This paper contributes to a debate on linguistic identity and social participation in France by providing a critical reading of language policy and practice. It challenges the notion that France is a linguistically homogenous nation where a standardised French language is universally practiced and, rather, seeks to reframe linguistic diversity and heterogeneity as fundamental and legitimate constitutive features of French society. In exploring diversity from this critical perspective, the paper looks to the ways in which a number of artists and language activists are deliberately and consciously transgressing normative notions of French to affirm the legitimacy of their alterity and difference. The paper does not make an argument against the legitimacy or social value of standard French, but rather argues in favour of a more critical and inclusive approach to cultural and linguistic difference in France. [less ▲]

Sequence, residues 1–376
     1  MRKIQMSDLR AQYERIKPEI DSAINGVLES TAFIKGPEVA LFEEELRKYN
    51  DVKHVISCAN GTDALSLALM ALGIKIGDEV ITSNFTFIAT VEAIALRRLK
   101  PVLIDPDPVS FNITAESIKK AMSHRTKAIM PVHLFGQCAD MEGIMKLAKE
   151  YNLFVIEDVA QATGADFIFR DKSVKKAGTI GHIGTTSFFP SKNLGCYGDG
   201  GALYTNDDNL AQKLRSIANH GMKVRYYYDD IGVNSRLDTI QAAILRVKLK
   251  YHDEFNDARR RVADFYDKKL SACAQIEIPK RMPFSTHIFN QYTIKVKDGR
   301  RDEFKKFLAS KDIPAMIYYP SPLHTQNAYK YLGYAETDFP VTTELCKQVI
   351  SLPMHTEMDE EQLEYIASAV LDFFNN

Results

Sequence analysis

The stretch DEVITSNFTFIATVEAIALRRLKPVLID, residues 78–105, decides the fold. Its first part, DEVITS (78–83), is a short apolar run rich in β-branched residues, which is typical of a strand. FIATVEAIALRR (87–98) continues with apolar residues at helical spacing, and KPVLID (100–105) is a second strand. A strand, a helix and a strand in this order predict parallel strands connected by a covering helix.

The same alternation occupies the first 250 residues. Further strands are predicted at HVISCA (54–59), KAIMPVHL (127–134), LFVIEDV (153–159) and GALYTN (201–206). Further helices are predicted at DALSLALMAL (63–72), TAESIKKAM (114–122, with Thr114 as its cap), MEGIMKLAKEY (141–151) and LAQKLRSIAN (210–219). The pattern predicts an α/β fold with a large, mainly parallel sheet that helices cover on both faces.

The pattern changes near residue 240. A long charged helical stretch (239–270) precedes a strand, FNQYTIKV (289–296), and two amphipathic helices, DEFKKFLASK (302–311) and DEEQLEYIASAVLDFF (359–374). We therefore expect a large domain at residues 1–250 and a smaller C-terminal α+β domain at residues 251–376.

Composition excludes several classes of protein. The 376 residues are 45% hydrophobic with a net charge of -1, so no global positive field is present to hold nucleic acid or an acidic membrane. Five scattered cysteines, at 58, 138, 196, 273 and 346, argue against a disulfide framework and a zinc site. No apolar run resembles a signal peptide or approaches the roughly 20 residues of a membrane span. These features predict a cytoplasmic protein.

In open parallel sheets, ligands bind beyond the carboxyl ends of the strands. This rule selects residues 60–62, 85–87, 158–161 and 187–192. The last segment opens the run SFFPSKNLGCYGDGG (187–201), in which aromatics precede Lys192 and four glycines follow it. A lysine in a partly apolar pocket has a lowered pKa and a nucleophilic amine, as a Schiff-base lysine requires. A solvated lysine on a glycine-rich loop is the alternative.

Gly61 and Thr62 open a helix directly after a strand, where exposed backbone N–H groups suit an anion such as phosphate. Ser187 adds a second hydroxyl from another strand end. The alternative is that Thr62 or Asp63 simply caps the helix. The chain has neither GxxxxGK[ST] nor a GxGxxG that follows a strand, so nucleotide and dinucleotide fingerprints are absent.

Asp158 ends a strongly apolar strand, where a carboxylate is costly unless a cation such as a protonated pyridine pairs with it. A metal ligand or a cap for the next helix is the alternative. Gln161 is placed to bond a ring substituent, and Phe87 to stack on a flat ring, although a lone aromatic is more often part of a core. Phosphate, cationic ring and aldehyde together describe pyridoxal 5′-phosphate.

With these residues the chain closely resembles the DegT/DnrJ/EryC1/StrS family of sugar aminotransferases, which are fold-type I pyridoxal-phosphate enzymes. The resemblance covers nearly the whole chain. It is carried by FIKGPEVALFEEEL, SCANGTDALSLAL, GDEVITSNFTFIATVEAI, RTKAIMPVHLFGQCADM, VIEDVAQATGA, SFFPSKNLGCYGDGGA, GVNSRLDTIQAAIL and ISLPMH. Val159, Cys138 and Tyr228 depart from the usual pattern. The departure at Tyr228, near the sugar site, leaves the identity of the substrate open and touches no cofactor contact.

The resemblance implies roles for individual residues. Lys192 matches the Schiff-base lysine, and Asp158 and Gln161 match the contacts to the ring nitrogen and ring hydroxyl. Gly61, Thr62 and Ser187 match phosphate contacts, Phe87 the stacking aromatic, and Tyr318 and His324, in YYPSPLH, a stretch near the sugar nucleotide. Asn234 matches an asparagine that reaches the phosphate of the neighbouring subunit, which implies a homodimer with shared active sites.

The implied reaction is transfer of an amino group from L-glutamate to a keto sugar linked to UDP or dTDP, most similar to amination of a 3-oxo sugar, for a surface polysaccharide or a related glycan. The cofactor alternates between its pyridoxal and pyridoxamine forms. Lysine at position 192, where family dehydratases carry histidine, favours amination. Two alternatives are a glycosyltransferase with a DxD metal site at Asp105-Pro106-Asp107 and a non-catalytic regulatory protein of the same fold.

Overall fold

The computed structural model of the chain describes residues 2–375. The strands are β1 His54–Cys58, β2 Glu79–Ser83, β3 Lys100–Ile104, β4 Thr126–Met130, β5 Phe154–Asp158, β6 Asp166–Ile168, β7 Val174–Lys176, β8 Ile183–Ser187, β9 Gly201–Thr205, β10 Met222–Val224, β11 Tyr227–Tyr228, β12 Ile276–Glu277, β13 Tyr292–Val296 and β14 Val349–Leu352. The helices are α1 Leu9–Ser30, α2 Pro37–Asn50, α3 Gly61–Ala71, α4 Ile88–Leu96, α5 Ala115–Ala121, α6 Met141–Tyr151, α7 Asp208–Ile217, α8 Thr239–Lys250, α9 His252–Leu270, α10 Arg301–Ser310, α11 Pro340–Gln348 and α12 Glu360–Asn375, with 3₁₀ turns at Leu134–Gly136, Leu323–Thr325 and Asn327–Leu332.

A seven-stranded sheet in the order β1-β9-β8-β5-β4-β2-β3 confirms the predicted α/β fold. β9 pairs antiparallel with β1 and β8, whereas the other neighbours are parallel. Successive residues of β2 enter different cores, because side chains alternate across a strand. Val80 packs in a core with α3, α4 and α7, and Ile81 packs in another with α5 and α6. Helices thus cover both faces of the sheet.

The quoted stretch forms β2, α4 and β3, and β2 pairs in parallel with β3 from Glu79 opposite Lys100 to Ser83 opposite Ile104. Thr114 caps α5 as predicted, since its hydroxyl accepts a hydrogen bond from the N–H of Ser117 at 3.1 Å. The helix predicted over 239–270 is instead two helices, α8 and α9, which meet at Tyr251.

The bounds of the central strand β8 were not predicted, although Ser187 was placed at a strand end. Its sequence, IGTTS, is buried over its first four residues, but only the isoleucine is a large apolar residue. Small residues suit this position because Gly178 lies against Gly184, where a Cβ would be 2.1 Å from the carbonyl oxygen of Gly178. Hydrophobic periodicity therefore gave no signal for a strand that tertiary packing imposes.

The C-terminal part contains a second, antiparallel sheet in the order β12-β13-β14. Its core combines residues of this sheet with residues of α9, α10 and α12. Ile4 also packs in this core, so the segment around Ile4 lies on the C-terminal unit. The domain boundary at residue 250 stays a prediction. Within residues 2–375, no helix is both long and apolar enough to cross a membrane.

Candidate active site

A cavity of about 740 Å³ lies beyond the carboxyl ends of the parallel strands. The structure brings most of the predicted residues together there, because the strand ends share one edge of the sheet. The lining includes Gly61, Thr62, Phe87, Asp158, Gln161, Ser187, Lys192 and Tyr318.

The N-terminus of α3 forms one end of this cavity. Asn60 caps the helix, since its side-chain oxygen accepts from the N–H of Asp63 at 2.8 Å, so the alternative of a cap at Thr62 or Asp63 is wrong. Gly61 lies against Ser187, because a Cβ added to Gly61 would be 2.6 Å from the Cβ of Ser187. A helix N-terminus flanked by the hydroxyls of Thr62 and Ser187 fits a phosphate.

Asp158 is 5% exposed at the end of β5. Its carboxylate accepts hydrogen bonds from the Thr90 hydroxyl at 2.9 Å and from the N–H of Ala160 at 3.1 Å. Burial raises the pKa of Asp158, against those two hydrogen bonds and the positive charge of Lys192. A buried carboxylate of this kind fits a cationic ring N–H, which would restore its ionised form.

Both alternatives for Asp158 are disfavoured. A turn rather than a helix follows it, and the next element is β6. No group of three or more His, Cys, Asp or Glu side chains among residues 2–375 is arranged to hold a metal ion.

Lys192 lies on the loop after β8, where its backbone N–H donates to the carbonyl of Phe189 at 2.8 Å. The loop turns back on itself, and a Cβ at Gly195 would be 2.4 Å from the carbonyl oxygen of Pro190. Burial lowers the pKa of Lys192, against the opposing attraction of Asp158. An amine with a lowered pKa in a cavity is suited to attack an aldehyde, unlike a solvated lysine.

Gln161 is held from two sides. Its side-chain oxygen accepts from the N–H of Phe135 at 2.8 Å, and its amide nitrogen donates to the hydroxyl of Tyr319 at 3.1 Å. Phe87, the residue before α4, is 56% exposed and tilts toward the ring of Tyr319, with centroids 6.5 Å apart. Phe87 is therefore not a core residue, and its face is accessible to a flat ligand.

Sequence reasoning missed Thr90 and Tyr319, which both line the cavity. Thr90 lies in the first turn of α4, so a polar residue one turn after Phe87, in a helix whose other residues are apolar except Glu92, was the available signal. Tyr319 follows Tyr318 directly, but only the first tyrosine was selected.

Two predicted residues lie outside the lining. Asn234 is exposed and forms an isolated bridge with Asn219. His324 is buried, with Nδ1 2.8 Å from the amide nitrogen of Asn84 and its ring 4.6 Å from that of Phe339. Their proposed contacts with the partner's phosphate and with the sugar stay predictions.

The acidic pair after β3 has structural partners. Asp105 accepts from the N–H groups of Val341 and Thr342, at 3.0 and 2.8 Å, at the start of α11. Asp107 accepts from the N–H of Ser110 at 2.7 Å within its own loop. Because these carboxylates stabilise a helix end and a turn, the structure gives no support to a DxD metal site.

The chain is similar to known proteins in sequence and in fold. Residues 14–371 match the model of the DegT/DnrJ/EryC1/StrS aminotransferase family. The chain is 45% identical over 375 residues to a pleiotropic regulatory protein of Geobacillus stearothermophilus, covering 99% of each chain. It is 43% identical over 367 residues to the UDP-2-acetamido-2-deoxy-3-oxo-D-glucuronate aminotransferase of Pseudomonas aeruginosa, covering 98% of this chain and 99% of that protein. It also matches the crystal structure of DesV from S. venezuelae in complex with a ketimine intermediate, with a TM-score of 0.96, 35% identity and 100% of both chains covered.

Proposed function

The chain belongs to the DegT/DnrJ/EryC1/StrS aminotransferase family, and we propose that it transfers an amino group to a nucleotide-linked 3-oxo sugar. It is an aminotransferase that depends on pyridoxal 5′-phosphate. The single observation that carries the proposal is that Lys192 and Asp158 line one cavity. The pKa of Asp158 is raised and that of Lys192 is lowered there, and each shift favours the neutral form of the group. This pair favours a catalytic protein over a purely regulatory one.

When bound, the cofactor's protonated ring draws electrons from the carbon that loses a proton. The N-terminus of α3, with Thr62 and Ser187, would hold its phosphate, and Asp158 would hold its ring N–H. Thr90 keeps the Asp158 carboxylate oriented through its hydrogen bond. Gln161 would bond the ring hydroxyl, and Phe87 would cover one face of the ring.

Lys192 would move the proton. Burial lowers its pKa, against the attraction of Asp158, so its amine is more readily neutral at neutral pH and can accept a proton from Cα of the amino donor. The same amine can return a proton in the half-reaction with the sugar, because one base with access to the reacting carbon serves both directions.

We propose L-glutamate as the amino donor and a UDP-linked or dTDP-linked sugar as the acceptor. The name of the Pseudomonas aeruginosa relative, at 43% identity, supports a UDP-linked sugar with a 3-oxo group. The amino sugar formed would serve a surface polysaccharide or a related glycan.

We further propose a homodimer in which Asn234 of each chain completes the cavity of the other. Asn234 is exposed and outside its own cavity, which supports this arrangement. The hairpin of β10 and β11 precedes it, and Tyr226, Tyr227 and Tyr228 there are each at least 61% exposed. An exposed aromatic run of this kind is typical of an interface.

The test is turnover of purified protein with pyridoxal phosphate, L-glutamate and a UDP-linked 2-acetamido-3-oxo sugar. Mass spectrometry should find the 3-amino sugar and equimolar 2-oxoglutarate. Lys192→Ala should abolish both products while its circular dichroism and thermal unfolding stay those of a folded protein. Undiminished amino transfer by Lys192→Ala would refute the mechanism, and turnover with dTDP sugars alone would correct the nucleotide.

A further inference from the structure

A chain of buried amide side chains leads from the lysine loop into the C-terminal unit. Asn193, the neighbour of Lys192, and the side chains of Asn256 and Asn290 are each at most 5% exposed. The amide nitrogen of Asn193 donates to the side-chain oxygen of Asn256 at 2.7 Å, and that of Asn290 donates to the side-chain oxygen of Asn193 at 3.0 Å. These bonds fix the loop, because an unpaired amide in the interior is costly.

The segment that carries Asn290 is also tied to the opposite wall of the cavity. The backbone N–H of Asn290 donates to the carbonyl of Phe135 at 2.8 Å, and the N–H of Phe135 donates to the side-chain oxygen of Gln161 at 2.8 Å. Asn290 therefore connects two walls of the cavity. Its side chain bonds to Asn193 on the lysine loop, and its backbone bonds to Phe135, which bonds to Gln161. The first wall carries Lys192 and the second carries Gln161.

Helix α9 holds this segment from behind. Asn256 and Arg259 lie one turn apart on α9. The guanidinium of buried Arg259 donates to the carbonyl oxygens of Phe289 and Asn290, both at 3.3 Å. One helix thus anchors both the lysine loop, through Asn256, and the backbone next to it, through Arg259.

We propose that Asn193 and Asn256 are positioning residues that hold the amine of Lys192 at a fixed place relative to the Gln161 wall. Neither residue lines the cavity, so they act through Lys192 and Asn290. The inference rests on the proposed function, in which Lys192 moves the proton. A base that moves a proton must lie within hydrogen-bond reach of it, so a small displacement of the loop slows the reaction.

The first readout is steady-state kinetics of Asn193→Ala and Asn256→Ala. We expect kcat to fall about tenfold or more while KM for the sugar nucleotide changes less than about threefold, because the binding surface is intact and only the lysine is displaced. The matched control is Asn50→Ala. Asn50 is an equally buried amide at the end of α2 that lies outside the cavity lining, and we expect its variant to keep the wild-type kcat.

Detailed reference viewed: 59 (1 UL)